You could also a try an approach to time outs where you invite the child to consider cooling down (if they are angry, frustrated, hyper, etc). They come out when they decide they are ready and together you can brainstorm solutions to the problem. (ie was somebody hurt and could use an apology, etc).
This teaches the child to notice when they are upset (a skill many older children have not learned!) and to take space to cool down (they can play music, read, whatever helps them), and then to actually come back to the problem and make a repair.
This is important because the purpose of discipline is to teach, not hurt, a child. Putting a child in timeout doesn't really send home any lessons other than when you are bigger you can boss smaller people around. And, talking during this process just makes you sound like the teacher in classic chlidren's cartoons (wah wah wah). This also means that if the child is not emotional beyond the point of functioning, then a time out isn't actually helpful - the purpose is for them to calm themselves. When they are not overly emotional then go straight to "Whoops, in this family we are helpful not hurtful, how can you repair this mistake?". Let them brainstorm and then pick something they can do.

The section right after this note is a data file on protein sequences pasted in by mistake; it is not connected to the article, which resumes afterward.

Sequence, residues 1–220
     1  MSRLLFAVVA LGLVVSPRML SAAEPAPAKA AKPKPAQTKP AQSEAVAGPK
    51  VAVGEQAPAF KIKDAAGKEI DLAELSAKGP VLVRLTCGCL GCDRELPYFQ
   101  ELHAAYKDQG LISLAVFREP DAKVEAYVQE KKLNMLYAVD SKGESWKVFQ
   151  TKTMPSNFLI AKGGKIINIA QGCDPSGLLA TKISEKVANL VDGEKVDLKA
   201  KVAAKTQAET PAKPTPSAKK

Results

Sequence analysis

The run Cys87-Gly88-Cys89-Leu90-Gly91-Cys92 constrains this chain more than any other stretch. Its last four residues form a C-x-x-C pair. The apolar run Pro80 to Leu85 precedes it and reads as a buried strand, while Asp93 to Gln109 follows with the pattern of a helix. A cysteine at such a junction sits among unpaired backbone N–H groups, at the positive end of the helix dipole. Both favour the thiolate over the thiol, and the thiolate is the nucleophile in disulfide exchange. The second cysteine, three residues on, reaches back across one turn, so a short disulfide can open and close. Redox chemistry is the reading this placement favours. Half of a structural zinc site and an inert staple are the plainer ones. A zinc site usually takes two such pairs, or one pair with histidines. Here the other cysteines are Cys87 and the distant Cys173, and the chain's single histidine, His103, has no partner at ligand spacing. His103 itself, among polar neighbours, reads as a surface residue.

I would rather help my child become better at self-reflection and self-regulation, understanding that mistakes are okay, and making repairs is necessary and genuine (ie not forced). Hopefully you can see how these skills will directly apply to the playground later (and eventually the workplace and beyond!).
Connected, genuine, respectful relationships with children is my best medicine for building children that are connected, genuine and respectful.